Fancy Mexican: Topolobampo in Chicago

There were a few recommendations that we received from a colleague of S, one of them being the Blue Ribbon, which we enjoyed when in NY. So when he said that his strongest suggestion was Topolobampo in Chicago- we locked it in.

Being from a country that’s not so versed in Mexican food – especially the high end nosh – we were pretty excited about tryingย Rick Bayliss‘ food. The first fine dining Mexican restaurant in North America, if not the world – Topolobampo is connected with three restaurants that are all part of the Rick Bayliss brand and all sit next to each other. Xoco is the street food restaurant, and The Frontera Grill is the busier, casual option that has queues out the front from 5pm when it opens. Reviews repeatedly speak of the rudeness of the staff, but no one had commented about the decor. AWFUL. Stuck in the DYI ethnic sponging of the 1980’s, the restaurant needs a facelift. Desperately.

We also asked for a nice table. When I was running a restaurant I always made an effort to oblige this request. I don’t know what they define as a good table at Topolobampo, but I am pretty sure the one right by the door wasn’t it. Oh, well. It did allow us to photograph and be tourists in private, for which I was grateful.

The style of service also seems a bit stuck in the 80’s. Maybe that is what they were talking about when I read the online reviews. It is stuffy. No smiles and jokes coming too freely, but we did manage to pull one out of our server. Actually, it wasn’t really a joke, more a looser comment. But I am not picky, I’ll take that.

The food peaked at the beginning, and then tailed off at the end. The two ceviche that we chose were great, and so very distinct from each other. Ceviche Tucateco was served in a retro (again!) martini glass with tortilla crisps. It was sweet from the orange, with large tubes of calamari and shrimp.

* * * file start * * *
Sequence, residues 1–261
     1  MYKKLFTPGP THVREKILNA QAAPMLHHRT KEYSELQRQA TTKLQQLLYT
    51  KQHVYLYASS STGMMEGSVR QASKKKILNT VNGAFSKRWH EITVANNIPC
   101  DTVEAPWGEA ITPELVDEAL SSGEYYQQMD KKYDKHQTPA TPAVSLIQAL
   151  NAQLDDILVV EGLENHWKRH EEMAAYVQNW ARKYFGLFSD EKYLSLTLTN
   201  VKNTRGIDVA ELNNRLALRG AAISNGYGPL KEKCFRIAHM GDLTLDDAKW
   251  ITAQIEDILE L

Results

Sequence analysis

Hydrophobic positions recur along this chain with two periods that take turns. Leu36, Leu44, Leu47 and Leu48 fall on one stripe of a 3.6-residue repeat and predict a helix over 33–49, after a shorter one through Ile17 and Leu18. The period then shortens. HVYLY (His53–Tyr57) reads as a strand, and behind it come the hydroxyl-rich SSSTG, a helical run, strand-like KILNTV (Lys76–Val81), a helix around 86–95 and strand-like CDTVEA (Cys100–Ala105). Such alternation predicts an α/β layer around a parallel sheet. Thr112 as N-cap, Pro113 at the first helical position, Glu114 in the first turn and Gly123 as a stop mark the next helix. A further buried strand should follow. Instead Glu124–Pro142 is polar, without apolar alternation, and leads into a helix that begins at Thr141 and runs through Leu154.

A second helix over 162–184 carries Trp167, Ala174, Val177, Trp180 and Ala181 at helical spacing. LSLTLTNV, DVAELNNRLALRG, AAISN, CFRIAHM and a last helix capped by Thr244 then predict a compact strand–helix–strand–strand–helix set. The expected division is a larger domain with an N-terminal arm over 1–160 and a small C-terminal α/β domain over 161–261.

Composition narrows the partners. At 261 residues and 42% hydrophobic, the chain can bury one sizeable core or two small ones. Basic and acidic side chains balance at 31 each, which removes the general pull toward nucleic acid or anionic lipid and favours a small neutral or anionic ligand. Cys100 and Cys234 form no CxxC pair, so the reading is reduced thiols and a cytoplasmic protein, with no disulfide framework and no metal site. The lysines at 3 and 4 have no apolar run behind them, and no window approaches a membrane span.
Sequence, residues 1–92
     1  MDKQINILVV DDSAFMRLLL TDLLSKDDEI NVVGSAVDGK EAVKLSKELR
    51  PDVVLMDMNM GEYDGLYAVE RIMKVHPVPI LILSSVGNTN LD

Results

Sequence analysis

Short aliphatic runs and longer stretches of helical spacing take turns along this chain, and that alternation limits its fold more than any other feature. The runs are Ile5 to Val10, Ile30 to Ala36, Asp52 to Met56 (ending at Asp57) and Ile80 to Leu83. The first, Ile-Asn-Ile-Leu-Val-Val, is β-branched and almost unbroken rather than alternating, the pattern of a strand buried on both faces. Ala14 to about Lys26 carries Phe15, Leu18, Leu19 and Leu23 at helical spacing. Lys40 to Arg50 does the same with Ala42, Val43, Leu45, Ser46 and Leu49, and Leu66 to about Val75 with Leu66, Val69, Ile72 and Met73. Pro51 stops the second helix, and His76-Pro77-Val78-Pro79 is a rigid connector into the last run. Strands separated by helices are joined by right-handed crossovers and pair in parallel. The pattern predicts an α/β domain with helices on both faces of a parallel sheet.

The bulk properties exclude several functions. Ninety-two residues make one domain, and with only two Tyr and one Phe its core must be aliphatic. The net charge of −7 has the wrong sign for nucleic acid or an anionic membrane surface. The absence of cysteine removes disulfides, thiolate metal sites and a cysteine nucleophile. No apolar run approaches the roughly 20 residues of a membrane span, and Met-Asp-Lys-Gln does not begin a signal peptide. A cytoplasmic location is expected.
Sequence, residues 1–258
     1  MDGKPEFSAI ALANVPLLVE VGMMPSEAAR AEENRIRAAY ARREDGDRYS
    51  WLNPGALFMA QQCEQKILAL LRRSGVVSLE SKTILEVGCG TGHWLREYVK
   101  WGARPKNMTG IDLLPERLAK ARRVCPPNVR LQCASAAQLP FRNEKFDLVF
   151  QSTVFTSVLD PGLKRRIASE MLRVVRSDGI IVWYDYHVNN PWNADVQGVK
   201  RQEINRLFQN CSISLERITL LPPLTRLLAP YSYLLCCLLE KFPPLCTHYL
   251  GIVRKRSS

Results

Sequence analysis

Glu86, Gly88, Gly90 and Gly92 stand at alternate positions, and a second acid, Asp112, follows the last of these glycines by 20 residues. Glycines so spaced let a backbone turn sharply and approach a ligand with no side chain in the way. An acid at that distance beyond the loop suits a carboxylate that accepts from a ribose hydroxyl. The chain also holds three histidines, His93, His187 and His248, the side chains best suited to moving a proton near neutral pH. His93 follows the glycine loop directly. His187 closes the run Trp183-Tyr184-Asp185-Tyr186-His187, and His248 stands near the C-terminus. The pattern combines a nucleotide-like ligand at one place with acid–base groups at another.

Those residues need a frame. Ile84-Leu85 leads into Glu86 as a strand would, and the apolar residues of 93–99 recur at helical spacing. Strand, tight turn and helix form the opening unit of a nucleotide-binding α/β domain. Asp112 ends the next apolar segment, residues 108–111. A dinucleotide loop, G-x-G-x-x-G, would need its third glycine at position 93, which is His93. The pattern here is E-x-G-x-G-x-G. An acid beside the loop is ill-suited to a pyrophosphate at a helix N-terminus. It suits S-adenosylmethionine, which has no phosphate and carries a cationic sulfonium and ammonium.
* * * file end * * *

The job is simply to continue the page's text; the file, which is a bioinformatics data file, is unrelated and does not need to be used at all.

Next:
The Ceviche Verde was much more interesting with Tuna, Chimichurri (a mexican take on a salsa verde with chile and roasted garlic), roasted fennel, and fennel pollen, and cucumber. Really good.

Our middle snack of Chile Ancho Rellano de Chorizo was very nice. An amazingly tender loin of lamb sat on a bed of ‘porky red bean sauce’, but the most suprisingly yummy element was a pickled ancho chile that was filled with a crispy homemade chorizo. Happy days!

Then the Mains came. I don’t know why, but I don’t often like mains. Big in size and flavour I either get bored or too ‘riched out’ before the end, but feel obliged to finish. My Puerco en Pipien de Maiz Azul: Braised Pork shoulder and belly with chille, puree of white corn, black beans and avocado leaf; garlicky braised quelites and sweet corn “air” ย was dry. Even with the “air”. The flavours were nice, but on the sweeter side, which after a few bites grew tiring.

S had the Maricos al Mojo (Maine Lobster and scallops with mojo; fermented black & white garlic, olive oil, chipotle, lime. Both served with warm tortilla’s for the table, which we used to make very expensive tacos. The scallops were amazingly creamy. Again I thought the lobster was a tad overdone, but S munched it all up without any complaints.

Maybe my ignorance of Mexican food is showing but we had a few $3 taco’s the following day at a great bar we found in the Wicker Park district called Big Star, which were much tastier than the Haute versions from the previous night. I am glad we went to Topolobampo to try fancy Mexican, but from my experience so far, I just don’t think it’s a cuisine that works being too fussed over. Give me a $3 taco any day.

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